Musicals typically work from a proven formula: believable love story plus catchy songs equals success. But there is the indispensable x-factor of spectacle that ties the entire venture together. Composer John Kander and lyricist Fred Ebb's "Cabaret" is a prime example. And Pittsford Musicals' presentation of the musical is thoroughly engaging, ultimately capitalizing on its greatest strengths, and sustaining interest that could have easily waned with weaker performances.
Set in pre-World War II Berlin on the cusp of Nazi ascendancy, the storyline centers around the struggling American novelist Cliff Bradshaw and English cabaret performer Sally Bowles, whose romance blooms against the backdrop of the glittering Kit Kat Klub. Unfortunately, the plot -- focused on this one-dimensional, illusory relationship without staying power -- is inherently flimsy. It doesn't help that Scott Shutts's portrayal of Cliff is underwhelming. Though Shutts is a pleasant singer, his performance lacks the charisma befitting the dashing, intriguing American for whom the freewheeling Sally falls.
Fortunately, this production by Pittsford Musicals has many saving graces. The music is indefatigably charming, and the ensemble numbers in particular give shape to the story while painting an enticing picture of the cabaret's shine-covers-grime allure. There is the delightfully bawdy "Mein Herr," with its whiff of BDSM. Later, "Two Ladies," that ribald ode to threesomes, and the exuberantly cynical "Money" thoroughly entertain, lightening the mood as the growing threat of anti-Semitism and relationship discord become more unsettling.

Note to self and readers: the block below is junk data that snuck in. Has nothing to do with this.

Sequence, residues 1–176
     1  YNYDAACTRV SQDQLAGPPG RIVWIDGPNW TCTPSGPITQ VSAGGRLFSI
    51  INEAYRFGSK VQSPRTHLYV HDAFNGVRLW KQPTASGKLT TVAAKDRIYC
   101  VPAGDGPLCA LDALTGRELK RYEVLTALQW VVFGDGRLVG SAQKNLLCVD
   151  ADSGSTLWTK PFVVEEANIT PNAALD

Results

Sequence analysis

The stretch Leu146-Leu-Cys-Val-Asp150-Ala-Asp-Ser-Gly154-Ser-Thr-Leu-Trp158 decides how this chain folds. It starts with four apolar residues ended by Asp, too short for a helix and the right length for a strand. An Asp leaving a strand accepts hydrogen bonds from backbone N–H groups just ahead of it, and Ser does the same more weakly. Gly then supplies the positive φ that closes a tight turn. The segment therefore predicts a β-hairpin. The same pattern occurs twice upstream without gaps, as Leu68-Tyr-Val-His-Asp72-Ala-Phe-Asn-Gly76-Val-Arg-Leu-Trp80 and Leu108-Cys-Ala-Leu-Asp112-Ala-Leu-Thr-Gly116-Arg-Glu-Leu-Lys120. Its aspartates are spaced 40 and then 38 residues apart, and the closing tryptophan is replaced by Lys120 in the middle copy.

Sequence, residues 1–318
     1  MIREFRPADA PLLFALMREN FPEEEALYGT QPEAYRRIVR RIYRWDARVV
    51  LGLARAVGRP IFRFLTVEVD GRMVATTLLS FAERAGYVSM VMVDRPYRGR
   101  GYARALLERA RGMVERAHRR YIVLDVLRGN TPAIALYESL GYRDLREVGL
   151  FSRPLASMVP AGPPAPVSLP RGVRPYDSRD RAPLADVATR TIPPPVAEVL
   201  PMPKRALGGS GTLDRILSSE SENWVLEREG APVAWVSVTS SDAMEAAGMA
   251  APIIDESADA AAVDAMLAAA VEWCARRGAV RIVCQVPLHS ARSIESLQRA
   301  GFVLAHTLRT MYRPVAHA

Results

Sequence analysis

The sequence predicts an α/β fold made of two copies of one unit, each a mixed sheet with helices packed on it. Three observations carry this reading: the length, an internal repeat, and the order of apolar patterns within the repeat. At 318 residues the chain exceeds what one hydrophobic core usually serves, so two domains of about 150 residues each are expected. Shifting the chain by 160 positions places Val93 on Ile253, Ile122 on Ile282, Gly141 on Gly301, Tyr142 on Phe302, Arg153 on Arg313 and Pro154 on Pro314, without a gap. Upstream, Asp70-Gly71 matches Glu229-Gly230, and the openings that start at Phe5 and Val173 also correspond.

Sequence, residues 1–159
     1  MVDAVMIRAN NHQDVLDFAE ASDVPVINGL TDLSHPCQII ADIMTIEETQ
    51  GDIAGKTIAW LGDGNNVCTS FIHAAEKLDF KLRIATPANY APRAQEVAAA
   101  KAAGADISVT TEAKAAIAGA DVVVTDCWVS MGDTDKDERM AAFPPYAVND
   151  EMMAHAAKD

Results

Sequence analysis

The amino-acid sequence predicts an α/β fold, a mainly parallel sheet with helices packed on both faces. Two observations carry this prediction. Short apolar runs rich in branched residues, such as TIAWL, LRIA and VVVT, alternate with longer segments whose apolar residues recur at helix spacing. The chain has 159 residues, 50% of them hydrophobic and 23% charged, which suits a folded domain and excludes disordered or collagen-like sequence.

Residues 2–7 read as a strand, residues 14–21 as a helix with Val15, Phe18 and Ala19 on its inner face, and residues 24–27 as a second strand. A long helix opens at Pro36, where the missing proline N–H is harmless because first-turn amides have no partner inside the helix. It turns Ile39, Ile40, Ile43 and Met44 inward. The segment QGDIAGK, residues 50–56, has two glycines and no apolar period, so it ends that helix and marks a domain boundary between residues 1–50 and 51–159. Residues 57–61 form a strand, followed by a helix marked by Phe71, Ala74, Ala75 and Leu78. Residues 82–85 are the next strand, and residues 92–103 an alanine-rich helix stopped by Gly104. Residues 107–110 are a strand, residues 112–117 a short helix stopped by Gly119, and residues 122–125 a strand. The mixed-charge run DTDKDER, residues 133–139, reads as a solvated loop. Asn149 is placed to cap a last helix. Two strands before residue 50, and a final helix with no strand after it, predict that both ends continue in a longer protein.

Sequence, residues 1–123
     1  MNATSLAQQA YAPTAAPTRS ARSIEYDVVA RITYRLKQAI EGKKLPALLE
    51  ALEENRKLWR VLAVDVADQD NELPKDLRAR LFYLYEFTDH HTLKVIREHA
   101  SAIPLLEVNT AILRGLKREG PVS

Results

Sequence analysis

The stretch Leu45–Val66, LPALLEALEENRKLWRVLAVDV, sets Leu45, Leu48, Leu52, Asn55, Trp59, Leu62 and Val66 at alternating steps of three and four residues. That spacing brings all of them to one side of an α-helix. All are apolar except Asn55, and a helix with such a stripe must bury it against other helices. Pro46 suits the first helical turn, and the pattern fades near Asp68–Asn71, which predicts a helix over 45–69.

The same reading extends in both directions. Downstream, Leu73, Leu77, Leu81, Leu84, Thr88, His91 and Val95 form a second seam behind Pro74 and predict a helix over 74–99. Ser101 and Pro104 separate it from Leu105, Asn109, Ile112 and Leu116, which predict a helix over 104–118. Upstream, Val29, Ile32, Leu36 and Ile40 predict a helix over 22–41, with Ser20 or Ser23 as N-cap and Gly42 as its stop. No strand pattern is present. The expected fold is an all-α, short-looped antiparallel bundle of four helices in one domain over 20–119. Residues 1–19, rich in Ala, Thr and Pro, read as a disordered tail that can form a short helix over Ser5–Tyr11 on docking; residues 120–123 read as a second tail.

Even with these rollicking songs, "Cabaret" would fall flat without a showstopping Emcee. As the cabaret's host, Dan Howell is every bit the dynamic provocateur, peppering in a healthy dose of angst amid the playfulness. And beneath all the risqué bravado, Howell has a melodious singing voice that comes to the fore in Act II numbers like "If You Could See Her" and "I Don't Care Much."
Of course, "Cabaret" is also a vehicle for its leading lady. As Sally, Brynn Kathryn Tyszka is piquant and magnetic. Her resplendent panache dominates "Mein Herr," and with a striking combination of vivacity and desperation, Tyszka delivers the title song as if singing for her very life. Her voice is bright and cutting, but balanced with a pathos that underscores the dark gravity of the drama.
The production follows in the footsteps of the 1993 London and 1998 Broadway revivals; even in scenes at the boardinghouse where Cliff is staying, the cabaret performers' virtual omnipresence -- though meant to be unsettling -- simply seems out of place here, as they look out on the proceedings from the stairs and balcony on the stage with expressionless stares.
Despite its trappings of a conventional musical, "Cabaret" is serious theater, and this economical, yet effective, production drives this fact home. The deleterious effects of fascism on individuals and life as a whole are displayed unblinkingly, and the spirited music and energetic dancing belie the tragedy of the Holocaust to come.